Our Doctor Who expert, Tony Cross, is journeying through all of time and space to bring us his thoughts on every available Doctor story. Today is the Fourth Doctor adventure The Pirate Planet...
So the Doctor & Romana head to Calufrax to pick up the second segment of the 'Key to Time' but after a bumpy landing they appear to have arrived on a totally different world even though it exists in the same place & time as Calufrax. This hunt for the Key to Time isn't going to be easy is it?
The Pirate Planet was written by Douglas Adams, whose work I adore. It bears some of the hallmarks of his other work, even featuring a couple of lines of his that crop up in similar form elsewhere. This isn't a criticism. If a line's good use it as often as possible I say.
It's also filled with scientific bafflegab. Now whether the science stands up to analysis I'm unqualified to say but the Doctor's final episode explanation of what he is about to do to solve a rather large gravitational problem is a masterpiece of speedily delivered, scientific sounding stuff that might be nonsense. It sounds good though, which is half the battle & Tom Baker makes it sound perfectly 'right'.
There's a lot going on in this script: a planet that materialises & dematerialises; telepaths dressed like Hara Krishna wannabees - the Mentiads; time damns; a not quite dead Queen; a half-mechanical, shouty Captain with his robotic parrot (Pollyphase Avitron); streets paved with gemstones; flying cars; a people unwilling to ask questions out of fear & a lot of very stupid guards who can't shoot straight. So it can seem a little overwhelming keeping up with everything.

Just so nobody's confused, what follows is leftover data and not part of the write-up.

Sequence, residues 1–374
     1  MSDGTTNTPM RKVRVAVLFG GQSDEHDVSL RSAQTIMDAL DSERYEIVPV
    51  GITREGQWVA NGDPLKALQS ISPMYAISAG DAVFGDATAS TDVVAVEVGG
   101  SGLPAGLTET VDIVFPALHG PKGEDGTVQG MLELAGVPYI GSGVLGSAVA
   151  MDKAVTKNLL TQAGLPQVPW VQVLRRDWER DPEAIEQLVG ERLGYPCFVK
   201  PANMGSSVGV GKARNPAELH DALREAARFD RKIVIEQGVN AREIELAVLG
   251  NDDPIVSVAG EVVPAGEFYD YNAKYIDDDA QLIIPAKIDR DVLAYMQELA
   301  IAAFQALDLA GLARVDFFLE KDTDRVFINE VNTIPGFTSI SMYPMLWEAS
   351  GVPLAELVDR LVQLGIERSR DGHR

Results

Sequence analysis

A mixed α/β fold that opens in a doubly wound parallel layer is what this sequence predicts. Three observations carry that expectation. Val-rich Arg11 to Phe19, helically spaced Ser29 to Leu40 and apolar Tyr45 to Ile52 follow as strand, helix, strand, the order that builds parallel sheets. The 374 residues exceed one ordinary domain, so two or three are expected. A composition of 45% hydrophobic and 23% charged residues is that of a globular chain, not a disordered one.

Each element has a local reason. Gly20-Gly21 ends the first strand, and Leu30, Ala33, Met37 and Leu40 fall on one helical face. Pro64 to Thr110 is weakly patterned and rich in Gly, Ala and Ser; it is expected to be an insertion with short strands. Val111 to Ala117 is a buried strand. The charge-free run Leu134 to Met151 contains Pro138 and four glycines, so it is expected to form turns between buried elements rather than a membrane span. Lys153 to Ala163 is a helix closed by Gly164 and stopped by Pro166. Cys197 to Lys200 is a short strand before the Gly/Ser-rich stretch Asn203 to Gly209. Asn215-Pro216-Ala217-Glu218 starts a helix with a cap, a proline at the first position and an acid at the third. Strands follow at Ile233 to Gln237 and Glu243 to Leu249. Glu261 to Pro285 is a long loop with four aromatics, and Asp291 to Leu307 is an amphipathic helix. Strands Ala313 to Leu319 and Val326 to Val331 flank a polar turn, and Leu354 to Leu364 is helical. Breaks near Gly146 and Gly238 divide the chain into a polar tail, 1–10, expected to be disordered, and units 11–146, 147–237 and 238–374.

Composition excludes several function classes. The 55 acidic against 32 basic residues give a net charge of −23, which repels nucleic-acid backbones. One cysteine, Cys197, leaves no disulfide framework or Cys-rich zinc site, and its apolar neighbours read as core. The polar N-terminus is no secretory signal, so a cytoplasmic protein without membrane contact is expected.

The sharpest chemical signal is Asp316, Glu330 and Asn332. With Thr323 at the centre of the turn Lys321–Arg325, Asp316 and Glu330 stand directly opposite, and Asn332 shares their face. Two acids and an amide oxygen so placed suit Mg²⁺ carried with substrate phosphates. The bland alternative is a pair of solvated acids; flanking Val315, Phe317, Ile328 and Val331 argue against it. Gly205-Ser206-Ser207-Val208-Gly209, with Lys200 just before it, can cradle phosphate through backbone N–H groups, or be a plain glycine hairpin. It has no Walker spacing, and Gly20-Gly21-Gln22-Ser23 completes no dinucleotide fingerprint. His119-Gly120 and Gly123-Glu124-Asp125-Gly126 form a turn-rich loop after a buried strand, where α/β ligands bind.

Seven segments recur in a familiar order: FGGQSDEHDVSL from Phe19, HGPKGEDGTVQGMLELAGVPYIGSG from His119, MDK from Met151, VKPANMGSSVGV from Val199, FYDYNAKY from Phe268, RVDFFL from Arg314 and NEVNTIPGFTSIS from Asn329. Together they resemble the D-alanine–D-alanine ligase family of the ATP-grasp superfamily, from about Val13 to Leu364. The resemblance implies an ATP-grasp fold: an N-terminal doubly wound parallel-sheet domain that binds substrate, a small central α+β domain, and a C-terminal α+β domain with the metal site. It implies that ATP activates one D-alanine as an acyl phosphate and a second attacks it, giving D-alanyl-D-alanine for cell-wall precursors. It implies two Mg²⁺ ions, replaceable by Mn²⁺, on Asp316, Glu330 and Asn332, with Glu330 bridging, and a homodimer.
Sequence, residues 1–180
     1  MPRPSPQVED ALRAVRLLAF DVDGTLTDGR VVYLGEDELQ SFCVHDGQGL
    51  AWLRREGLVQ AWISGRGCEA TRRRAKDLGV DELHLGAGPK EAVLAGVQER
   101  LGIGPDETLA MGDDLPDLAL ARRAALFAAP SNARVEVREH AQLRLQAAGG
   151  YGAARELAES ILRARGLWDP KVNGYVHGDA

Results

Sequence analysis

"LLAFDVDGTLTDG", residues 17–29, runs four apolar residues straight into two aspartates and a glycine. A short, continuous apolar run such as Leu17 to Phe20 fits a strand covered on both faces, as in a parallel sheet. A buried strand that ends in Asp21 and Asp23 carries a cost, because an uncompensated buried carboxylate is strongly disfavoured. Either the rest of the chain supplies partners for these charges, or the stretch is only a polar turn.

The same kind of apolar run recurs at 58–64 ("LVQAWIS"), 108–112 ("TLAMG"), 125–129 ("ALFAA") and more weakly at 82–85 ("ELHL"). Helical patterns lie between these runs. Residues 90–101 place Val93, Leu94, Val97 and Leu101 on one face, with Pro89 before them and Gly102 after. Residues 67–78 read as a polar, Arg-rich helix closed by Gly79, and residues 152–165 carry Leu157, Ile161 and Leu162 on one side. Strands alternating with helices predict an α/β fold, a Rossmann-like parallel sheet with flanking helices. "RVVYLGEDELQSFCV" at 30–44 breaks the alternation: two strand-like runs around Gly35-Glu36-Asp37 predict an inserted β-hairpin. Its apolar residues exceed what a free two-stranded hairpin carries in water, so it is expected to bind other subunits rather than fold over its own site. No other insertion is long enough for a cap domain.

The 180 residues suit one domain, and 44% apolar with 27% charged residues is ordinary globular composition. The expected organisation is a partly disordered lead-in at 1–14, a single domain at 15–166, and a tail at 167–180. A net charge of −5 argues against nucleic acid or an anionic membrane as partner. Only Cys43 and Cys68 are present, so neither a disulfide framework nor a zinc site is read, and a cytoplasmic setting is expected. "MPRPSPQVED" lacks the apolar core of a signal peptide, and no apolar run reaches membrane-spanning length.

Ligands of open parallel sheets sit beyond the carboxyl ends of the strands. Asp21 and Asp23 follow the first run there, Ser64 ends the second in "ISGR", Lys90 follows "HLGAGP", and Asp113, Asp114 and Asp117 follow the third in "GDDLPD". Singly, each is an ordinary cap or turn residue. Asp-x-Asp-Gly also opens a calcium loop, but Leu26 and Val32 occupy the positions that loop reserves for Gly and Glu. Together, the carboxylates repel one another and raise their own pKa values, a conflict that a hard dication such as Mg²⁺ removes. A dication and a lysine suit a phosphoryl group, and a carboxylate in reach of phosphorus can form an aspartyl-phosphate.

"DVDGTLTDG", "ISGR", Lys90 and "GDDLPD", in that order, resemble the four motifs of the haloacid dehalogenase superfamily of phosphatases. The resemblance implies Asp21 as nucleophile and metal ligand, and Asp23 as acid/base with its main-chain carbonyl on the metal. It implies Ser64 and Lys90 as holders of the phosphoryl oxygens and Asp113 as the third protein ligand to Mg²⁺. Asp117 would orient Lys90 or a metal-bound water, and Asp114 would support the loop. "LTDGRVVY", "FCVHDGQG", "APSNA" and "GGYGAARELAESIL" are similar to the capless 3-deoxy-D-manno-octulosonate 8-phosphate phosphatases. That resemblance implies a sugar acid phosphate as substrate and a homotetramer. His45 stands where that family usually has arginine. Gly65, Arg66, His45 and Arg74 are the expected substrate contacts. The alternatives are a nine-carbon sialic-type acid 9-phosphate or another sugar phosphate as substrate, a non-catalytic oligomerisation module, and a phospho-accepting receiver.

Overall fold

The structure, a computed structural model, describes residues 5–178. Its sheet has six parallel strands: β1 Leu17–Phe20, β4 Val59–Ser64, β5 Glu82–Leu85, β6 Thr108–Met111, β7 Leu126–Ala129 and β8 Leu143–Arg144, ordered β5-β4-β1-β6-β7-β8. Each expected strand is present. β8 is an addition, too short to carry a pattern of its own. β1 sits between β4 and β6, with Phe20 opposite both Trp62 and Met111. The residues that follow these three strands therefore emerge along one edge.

It just about holds together, even if it frays a little at the edges. The Doctor is at his wittiest & sharpest in this story, racing ahead of everyone - including Romana - to realise what's going on & how to stop it. This is one of those stories when the Doctor really does run intellectual rings around his opponents. It also allows Tom Baker to let the Doctor's righteous indignation out for a little run around for the first time in ages & Tom does appear to be having a lot of fun.
Mary Tamm gets some nice lines to but after Romana has been quite to the forefront of the action in the first episode & a bit she gets less proactive as the story goes on, which is a shame. There's a possibility on the basis of this that Romana might end up suffering from Liz Shaw Syndrome (aka Susan Syndrome). We shall see.
Bruce Purchase does a great job as the shouty Captain. In the hands of a lesser actor the shoutiness would have probably collapsed into something hamtastic but Purchase keeps on the right side of the line. It reminded me of Brian Blessed when he was more than just a beard & a shout. The Captain gets a great line in curses to. I should have written them down for those moments when the use of a proper swearword is inappropriate.
Purchase is ably supported by Andrew Robertson who gives a lovely performance as Mr Fibuli, the Captain's obsequious right-hand man.
The other guest parts are a little bland & there's not much for them to get their teeth into, with the exception of Rosalind Lloyd as The Nurse. Who starts off as a background figure but gradually emerges into the foreground as the story rolls along.
The poor chaps that get to play the Mentiads don't get to do much more than stand around looking serious & pale.
The truth is there's too much going on in the story for every character in it to get something decent to do. It's certainly fun. It's intelligent & witty but just a little too busy.
It's not often I say this but The Pirate Planet is the sort of story that could have benefited from two more episodes to give all the characters & ideas room to breathe, even if the basic plot might be stretched to breaking point.
Tony Cross is the creator of the wonderful Centurion Blog's found HERE and HERE.
Image – BBC.